Partially for learning, partially because it might come handy, I decided to build my own Rasbperry PI cluster that would run HypriotOS and Kubernetes. If you search the web you'll see others doing it and I used them as a knowledge source. Some are outdated and perhaps sharing my experience might help somebody. Anyway, here is my story starting with
- 4x Raspberry PI 3
- 4x 32GB microSD - the faster the better
- 4x network cables
- 4x USB cables
- Anker 5 port USB charger
- Mikrotik hEX router
- partially self-designed, self 3d printed stack (open source)
I've decided to go with 4 Raspberries because I have got hEX router which has 5 ports and 4 of them seem enough for experimenting anyway. Make also sure to get short USB and network cables. The later should be flat to consume less space. Those are sadly hard to get in Slovenia, perhaps your best bet is an online shop somewhere (in the EU). Anker is a good USB charger that shouldn't have problems feeding the hardware but any powerful enough would do. Also if you manage to find an USB powered router, you don't need second 220V outlet for the router (currently I need two of these - one for the router and the other for the USB power charger) and have instead a short USB cable just like Raspberries do.
The biggest challenges
Getting short and flat network cables wasn't easy. Online shops outside of Slovenia will help.
Manufacturing and designing the stack that keeps everything together. I've based it on an existing one, but enhanced Raspberry holder
and created a compatible holder for both Anker USB charger
and mikrotik hEX
. I missed one thing though - replacing microSD cards is not easy - I've ended up using tweezers. If I ever update the design, I'll definitely make it easier. But overall it is a solid stack and should do the job just fine.
Connecting the beast
Not much here, router and USB charger need to be powered trough an outlet, all Raspberries need both network cable connected to router and USB one to the USB charger and that's it. Lights will blink and that's it.
Next post will deal with HypriotOS nad Kubernetes installation.
I’ve updated my tools for managing IRST and dedicated page as well. Command line utility now displays arrays, volumes, disks, RAID support and ports.
It is also in line with the latest IRST 10.8.0.1003 drivers .
Noteworthy change is that the utilities require .net 4.0 – see the dedicated page for installation instructions and other info.
Expect much more in the future.
Here is a dedicated page to the tools.
I’ve started developing a set of utilities for managing Intel Rapid Storage Technology drivers (aka Intel’s integrated RAID drivers). Even though Intel provides a GUI there is a huge gap to fill, starting with a command line utility, which should be most appreciated by those running Hyper-V 2008 R2).
Here is a dedicated page to the tools.
I am doing a presentation on Visual Studio 2010/.net 4 parallel programming enhancements in the near future. [MS] released Visual Studio 2010 CTP and that’s fine. The problem was that the one and only release comes in the form of a VirtualPC image. This is not a problem by itself but it is a problem if one wants to show parallelism. You see, VirtualPC supports only single processor guests ([MS] isn’t exactly pushing for VirtualPC enhancements, is it – at the time [MS] bought VirtualPC it was on the same level as [VMWare] Workstation, now it is lightyears away). How can one show performance enhancements of parallelism with one CPU?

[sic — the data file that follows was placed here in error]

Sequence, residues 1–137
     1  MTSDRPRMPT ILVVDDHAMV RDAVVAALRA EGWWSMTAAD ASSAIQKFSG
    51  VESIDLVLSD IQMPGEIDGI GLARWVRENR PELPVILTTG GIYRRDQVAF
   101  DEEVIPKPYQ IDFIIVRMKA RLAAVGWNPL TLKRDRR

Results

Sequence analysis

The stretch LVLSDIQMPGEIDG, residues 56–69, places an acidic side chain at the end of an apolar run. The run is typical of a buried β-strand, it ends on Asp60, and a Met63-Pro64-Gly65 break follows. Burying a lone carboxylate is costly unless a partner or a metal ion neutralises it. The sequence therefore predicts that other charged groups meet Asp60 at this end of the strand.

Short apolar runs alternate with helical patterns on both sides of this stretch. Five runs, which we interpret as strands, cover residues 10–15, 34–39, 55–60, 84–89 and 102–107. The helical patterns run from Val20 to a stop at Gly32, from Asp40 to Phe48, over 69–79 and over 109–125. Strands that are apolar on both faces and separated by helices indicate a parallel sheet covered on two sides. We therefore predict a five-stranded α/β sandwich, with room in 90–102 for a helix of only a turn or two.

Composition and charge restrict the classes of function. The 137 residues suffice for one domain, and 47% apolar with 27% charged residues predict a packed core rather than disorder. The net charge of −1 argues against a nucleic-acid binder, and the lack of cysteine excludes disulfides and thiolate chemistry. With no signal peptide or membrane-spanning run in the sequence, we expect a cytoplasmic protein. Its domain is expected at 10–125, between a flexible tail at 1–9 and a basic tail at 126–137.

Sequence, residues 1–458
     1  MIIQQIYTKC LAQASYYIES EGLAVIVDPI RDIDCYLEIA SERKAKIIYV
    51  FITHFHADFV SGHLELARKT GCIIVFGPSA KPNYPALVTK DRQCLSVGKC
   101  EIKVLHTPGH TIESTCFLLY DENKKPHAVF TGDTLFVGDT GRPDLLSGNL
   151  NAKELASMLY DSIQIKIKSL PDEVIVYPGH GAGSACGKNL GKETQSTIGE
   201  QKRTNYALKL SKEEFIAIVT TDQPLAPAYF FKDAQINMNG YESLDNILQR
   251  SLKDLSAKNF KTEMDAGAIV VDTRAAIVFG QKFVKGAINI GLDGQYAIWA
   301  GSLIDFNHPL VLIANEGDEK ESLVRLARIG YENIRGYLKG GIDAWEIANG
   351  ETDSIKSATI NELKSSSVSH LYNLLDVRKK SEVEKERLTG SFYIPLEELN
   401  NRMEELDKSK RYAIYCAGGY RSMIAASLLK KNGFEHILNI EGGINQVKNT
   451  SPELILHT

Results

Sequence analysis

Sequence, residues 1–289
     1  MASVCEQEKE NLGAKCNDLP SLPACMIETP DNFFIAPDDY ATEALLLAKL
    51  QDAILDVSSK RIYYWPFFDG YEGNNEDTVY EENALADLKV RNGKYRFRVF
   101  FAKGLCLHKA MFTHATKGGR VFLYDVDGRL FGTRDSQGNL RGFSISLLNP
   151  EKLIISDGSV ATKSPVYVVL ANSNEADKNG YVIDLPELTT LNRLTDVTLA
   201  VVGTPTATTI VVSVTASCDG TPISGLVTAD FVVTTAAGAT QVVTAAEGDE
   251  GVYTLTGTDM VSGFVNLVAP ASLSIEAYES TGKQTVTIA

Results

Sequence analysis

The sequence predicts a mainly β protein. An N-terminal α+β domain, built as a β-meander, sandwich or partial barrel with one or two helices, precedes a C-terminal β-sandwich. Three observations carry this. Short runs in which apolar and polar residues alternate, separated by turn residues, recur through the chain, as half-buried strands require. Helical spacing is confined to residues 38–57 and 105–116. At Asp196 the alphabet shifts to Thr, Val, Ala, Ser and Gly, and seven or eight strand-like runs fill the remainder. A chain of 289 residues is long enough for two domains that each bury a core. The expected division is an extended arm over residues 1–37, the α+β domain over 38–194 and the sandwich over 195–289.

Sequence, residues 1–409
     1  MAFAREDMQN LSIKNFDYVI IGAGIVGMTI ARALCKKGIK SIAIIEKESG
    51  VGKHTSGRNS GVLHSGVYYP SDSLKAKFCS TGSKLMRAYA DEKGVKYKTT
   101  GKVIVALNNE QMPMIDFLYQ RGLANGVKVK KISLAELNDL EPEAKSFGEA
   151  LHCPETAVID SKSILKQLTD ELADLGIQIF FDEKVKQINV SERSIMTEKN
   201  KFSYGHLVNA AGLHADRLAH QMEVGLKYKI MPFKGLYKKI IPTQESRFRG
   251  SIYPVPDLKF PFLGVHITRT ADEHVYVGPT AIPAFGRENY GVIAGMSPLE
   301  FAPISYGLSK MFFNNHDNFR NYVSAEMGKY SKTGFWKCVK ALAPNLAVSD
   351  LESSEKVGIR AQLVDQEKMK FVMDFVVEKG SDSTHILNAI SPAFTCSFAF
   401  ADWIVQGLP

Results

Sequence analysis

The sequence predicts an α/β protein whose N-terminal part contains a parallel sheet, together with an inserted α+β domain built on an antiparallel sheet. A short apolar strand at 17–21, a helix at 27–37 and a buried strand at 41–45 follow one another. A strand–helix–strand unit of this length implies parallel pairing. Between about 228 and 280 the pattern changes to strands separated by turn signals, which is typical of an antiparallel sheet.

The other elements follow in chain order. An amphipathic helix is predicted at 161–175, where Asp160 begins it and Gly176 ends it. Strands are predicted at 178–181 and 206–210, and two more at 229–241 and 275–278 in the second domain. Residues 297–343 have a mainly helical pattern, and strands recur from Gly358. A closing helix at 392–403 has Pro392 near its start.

Part of the solution is [VMWare] Workstation 6.5 (and earlier, don’t know exactly which ones): it supports multiprocessor guests. Great. However once I’ve imported VirtualPC image into Workstation the OS was still showing only one processor even though device manager recognized two processors. Even updating the computer driver (node Computer\Advanced Configuration and Power Interface (ACPI) PC) didn’t help – there were no choices. Luckily I’ve googled over this blog post: Hyper-V How To: Change the HAL on your vm. Oh, the joy, the trick just worked.
The other problem with this presentation is that Visual Studio 2010 CTP expired by the end 2008. The solution is to change date backwards (silly, isn’t it) but Workstation/Windows keep synchronizing the time with current and thus yielding all sort of activation and expiration warnings. The solution is a twofold one:
- add these lines to Workstation’s configuration file so the Workstation won’t synchronize the guest on every occasion (thanks to Virtual Time Freeze):
tools.syncTime = "FALSE"
time.synchronize.continue = "FALSE"
time.synchronize.restore = "FALSE"
time.synchronize.resume.disk = "FALSE"
time.synchronize.shrink = "FALSE"
- remove or disable guest’s network capabilities so the OS won’t synchronize as well.
Ah, the joys of presentations based on CTPs.
When you think that [VMWare] invented everything they push the innovations even further. These days I've finally accomplished Windows 7 beta download and since I don't have a spare computer right now I've though of installing it under Workstation 6.5. I have to admit that I didn't install any new OS for a while now (thanks to Workstation's excellent snapshot management system). So I created a new typical configuration and entered the path to the Windows 7 beta x64 iso file. Workstation recognized it as Vista (W7 is enhanced Vista after all, but I am sure Workstation will be updated to reflect the proper name in the future) and notified me that it will be installed using Easy Install.
I didn't know about Easy Install and I was pleasantly surprised about it. It lets you enter all the required data for the installation in the next next dialog:
and that’s it. After you put in all the required configuration data Workstation will install the OS for you, no interaction required whatsoever. That’s right, after some time you’ll be greeted by running OS. A huge timesaver even if you don’t install a lot.